Skip to main content

Maundy Thursday: The LOVE Command








EVER WONDERED WHAT 'MAUNDY' THURSDAY MEANT? 'Maundy' means commandment. At the Last Supper, Jesus gave us an important commandment:

"Love one another. 
As I have loved you, so you must love one another. 
By this everyone will know that you are my disciples, 
if you love one another.” 
John 13:34-35 


If you were to ask me what draws me most to a relationship with Jesus Christ, it would be this message. 

It is my belief that the central message of Jesus was LOVE. In fact, He said it himself:


28 One of the teachers of the law came and heard them debating. 
Noticing that Jesus had given them a good answer, he asked him, 
“Of all the commandments, which is the most important?”
29 “The most important one,” answered Jesus, “is this: 
‘Hear, O Israel: The Lord our God, the Lord is one.[a] 
30 Love the Lord your God with all your heart and with all your soul and with all your mind and with all your strength.’[b] 
31 The second is this: ‘Love your neighbor as yourself.’[c] 
There is no commandment greater than these.”
 Matthew 12:28-32



If you speak with an atheist, they will point to all of the horrible crimes against humanity that have been committed in the name of God

That certainly is true.

However, they were not committed by the command of God.

The most important lesson I've learned in the past year of reading the Bible: There's a great difference between when others have used God's words for their own political or monetary gain, versus what God was actually trying to teach us.

Go to the source. Focus on what God says.

"Love one another."


Incredible that Jesus was able to say this, even as He knew that within days He would be led to the cross to willingly bear the burden for our sins. 

But rise in triumph three days later.

That is love.





Here's the link to the artwork, and a blog with beautiful historical Christian artwork:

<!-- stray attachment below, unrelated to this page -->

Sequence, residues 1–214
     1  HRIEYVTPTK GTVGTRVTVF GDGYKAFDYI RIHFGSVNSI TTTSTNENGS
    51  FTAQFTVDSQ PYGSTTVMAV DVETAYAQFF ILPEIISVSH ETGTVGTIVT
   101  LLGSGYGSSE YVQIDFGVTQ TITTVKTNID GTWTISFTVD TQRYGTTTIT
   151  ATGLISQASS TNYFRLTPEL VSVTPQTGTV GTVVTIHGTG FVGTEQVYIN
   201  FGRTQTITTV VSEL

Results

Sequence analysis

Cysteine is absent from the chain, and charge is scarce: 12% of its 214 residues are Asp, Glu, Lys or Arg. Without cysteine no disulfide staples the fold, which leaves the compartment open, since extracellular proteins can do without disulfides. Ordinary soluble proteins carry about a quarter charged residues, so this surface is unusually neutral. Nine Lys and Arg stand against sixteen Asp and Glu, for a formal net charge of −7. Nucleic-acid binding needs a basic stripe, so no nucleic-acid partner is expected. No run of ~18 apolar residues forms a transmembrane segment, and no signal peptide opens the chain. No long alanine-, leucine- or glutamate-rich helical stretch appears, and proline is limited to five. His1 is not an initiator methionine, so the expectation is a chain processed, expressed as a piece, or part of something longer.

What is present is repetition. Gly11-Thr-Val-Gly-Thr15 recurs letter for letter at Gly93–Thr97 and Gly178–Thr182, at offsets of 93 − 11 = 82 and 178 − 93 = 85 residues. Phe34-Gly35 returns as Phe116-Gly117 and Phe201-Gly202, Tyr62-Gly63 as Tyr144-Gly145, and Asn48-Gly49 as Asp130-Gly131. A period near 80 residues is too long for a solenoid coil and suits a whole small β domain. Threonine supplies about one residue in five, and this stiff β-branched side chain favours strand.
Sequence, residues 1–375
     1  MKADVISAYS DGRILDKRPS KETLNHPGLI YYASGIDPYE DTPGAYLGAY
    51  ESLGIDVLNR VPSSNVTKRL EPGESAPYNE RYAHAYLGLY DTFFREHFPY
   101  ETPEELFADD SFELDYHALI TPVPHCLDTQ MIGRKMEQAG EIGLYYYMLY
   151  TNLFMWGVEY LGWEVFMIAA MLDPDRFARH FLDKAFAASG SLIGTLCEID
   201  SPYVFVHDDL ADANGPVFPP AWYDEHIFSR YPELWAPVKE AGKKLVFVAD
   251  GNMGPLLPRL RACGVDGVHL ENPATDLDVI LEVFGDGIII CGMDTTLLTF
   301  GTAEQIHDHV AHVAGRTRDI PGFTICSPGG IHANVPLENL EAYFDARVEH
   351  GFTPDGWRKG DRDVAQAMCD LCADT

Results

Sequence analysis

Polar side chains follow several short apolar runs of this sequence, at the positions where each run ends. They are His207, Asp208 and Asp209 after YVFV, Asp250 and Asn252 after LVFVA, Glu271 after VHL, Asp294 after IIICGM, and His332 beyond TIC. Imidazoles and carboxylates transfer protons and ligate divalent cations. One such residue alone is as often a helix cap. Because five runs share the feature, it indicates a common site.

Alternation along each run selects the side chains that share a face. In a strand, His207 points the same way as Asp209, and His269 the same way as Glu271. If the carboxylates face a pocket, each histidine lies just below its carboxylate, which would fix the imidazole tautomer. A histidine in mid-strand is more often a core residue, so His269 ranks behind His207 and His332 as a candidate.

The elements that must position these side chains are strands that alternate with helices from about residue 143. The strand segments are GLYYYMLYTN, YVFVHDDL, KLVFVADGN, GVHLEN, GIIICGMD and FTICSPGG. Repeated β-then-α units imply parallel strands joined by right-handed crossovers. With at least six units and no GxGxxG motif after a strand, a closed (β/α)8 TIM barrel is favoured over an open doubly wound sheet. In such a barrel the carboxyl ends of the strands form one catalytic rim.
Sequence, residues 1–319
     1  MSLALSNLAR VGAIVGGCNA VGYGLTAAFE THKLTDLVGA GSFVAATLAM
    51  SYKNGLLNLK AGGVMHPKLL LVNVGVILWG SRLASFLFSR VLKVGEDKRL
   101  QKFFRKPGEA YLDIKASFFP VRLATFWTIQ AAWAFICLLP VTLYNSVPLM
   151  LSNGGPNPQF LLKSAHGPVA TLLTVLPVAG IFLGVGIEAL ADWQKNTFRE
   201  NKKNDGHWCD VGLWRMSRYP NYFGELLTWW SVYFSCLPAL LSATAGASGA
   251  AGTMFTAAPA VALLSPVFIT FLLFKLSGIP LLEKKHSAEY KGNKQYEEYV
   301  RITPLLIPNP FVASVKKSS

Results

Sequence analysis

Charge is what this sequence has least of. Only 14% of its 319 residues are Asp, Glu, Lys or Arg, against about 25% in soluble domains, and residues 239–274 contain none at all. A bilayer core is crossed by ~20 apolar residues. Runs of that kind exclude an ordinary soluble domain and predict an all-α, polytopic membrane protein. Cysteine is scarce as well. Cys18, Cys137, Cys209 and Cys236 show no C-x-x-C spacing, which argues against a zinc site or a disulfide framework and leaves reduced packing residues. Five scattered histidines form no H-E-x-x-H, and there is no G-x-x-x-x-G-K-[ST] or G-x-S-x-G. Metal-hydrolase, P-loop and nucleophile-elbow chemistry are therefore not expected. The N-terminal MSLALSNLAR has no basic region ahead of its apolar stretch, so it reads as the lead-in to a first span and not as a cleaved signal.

Comments

Popular posts from this blog

Collard Greens with White Beans - A Vegetarian Take on a Classic

Could a vegetarian version of collard greens ever compete with the traditional goodness of collard greens cooked with a smoked ham hock?

I was skeptical until I made this recipe. It is every bit as delicious. Taking the place of the ham hock is the rind of parmesan or other hard cheese. I keep a small plastic bag of cheese rinds in the freezer, they are the perfect flavor enhancer of stocks and soups, and now collard greens.

Similar recipes call for dried beans, but sine I live 10,400 feet above sea level, dried beans are always a challenge unless I'm using a pressure cooker. For this recipe, I opted for canned beans and am just as happy as can be.

This recipe is quick, easy, delicious, and so rich and satisfying a bowlful with a slice of garlicky olive oil toasted bread makes the perfect week night dinner. It is also a satisfying side dish.

Let's get cooking!

Ingredients:
1 bunch of collard greens, touch center stems removes, leaves torn into large pieces
1 14 oz can of Nort…

Dinner with Julia

What do Ina Garten and Martha Stewart have in common? Both women describe cooking through Julia Child’s Mastering the Art of French Cooking when they were young as foundation to learning to cook.
Julia Child is an inspiration to most home cooks of a certain age. I found her so inspiring that at one time, I had all of her cookbooks, including a first edition of Mastering the Art of French Cooking, and had read almost every biography written about her, My Life in France, being my favorite. And yet! I confess that until this week, my cooking adventures in Mastering were limited to her omelet recipe, her iconic recipes for onion soup and Beef Bourguignon.
When the Food52 Cookbook Club on Facebook chose Mastering as its cookbook for the month, I jumped at the chance to finally use Julia’s first cookbook for its intended purpose.
I decided to start with something easy, a poached egg. I purchased the best organic eggs I could afford, read the recipe several times, and began. After I’d tur…

Open to the Spirit - Book Review

Open to the Sprit is like reading a letter from a friend. McKnight writes a very accessible introduction to the Holy Spirit and its role in our spiritual life. McKnight uses several stories from his life and others to share how the Holy Spirit consoles and deepens our daily spiritual walk. A terrific book for those seeking an introduction to a relationship with the Holy Spirit.